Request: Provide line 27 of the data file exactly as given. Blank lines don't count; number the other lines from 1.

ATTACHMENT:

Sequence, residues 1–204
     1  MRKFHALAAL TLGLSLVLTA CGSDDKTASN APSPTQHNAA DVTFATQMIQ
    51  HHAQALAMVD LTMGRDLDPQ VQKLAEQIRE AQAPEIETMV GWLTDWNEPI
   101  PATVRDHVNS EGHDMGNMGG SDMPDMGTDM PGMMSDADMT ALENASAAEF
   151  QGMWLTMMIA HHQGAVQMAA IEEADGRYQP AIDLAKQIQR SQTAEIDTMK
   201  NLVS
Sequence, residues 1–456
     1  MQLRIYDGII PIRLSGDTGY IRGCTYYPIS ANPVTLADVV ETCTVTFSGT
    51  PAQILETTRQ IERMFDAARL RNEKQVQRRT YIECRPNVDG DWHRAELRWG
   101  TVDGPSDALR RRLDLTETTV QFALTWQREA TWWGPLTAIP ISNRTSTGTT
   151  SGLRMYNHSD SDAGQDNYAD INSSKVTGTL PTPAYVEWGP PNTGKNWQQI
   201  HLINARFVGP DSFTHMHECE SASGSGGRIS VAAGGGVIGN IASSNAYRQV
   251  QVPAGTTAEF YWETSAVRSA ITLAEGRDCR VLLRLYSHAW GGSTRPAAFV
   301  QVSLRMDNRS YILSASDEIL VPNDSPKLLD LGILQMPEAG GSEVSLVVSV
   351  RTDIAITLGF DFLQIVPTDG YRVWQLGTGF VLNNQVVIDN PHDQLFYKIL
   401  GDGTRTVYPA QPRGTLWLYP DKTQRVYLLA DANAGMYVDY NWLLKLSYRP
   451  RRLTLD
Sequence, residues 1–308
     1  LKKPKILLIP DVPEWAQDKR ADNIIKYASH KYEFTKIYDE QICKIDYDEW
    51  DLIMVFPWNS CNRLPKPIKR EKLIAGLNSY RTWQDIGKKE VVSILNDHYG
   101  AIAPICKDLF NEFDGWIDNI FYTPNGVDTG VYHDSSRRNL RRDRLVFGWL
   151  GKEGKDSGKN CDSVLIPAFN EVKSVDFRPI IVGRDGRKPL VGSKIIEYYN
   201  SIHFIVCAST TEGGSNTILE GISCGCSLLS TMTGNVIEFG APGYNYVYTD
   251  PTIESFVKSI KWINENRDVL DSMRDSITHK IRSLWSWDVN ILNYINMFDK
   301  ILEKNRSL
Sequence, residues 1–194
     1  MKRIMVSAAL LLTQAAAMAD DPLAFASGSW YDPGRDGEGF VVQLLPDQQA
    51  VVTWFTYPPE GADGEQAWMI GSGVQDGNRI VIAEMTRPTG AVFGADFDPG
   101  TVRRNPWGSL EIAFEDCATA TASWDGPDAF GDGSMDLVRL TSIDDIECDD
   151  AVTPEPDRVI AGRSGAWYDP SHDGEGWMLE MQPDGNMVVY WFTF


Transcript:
     1  MKRIMVSAAL LLTQAAAMAD DPLAFASGSW YDPGRDGEGF VVQLLPDQQA